Altruism? Bah!

I went to a party last month, and the hostess and I were kvetching about the pain of home ownership. She will be getting her bathroom redone and would be without bath or shower for some unclear period of time. Meanwhile, her next-door neighbor, who is a friend, has TWO bathrooms. “How,” she mused, “can I get my neighbor to invite me over to shower?” She thought that maybe she should be particularly nice.

I joked that she had to appeal to the neighbor’s enlightened self-interest. To wit, remind him that he REALLY didn’t want some smelly neighbor with stringy, matted hair bringing down property values and scaring off visitors. I riffed on that for quite a while.

At some level, many of us operate, not out of altruism, but rather a sense of what’s best for us. People often contribute money to fighting diseases from which we, or someone we care about, has suffered, because we selfishly don’t want to hear about other people suffering the same fate.

I contribute to my church because it believes in making a better, more tolerant world, which of course, is better for ME. Stating the Golden Rule negatively: You don’t do to others the crap you don’t want people to do to you. Selfish motivation.

Too often, people try to convince others to “do the right thing”. But they mess up because they want them to do it for the “right reasons.” “Can you find it in your heart to contribute?”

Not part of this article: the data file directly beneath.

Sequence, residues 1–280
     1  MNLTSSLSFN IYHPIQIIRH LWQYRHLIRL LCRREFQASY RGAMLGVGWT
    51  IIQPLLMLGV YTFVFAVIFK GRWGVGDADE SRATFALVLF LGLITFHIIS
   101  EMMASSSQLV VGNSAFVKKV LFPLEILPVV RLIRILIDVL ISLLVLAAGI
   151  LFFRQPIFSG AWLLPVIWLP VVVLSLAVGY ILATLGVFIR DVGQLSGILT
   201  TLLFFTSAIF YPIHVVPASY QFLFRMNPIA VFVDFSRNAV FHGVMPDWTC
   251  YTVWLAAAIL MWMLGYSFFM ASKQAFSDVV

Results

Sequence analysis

Nah, many people are motivated by more base instincts. “Contribute to my environmental group because you don’t want to cough your lungs out from all the pollutants that are spewing out.”

Yes, this was a cheeky exercise. But there is also a grain of truth to it.
***
Alexis de Tocqueville wrote, “It is held as a truth that man serves himself in serving his fellow-creatures, and that his private interest is to do good.”

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3 thoughts on “Altruism? Bah!

  1. I once decided that I would do at least one person a good deed every day, but with the proviso that they mustn’t know I’d done it. This proved hard. I realised that overt good deeds are one of the ways we build up social credit!

    But I heard someone on the radio the other day talking about a scheme they have at their church. Every month, they put £10 notes in envelopes and then post them through random letter boxes.

    They include a note that tells the recipient to pass the money on if they don’y need it.

    I suppose they benefit from the public knowledge that this is what they do, but it’s close to helping people with a problem, even if you don’t know it exists.

    • Oh, I’ve done good deeds in secret, a number of times. but even that might have been because of the good-deed rush, with the secrecy adding to the adrenaline.

  2. Great topic! I happen to have coincidentally used it for a recent discussion group at my house … our conclusion, based on some pretty impressive examples, was that altruism does exist. It seems there is even a genetic explanation of how it can get passed on via natural selection (but I’m no scientist and could not explain that myself). Is selfishness the opposite of altruism? Altogether, a very tricky subject.

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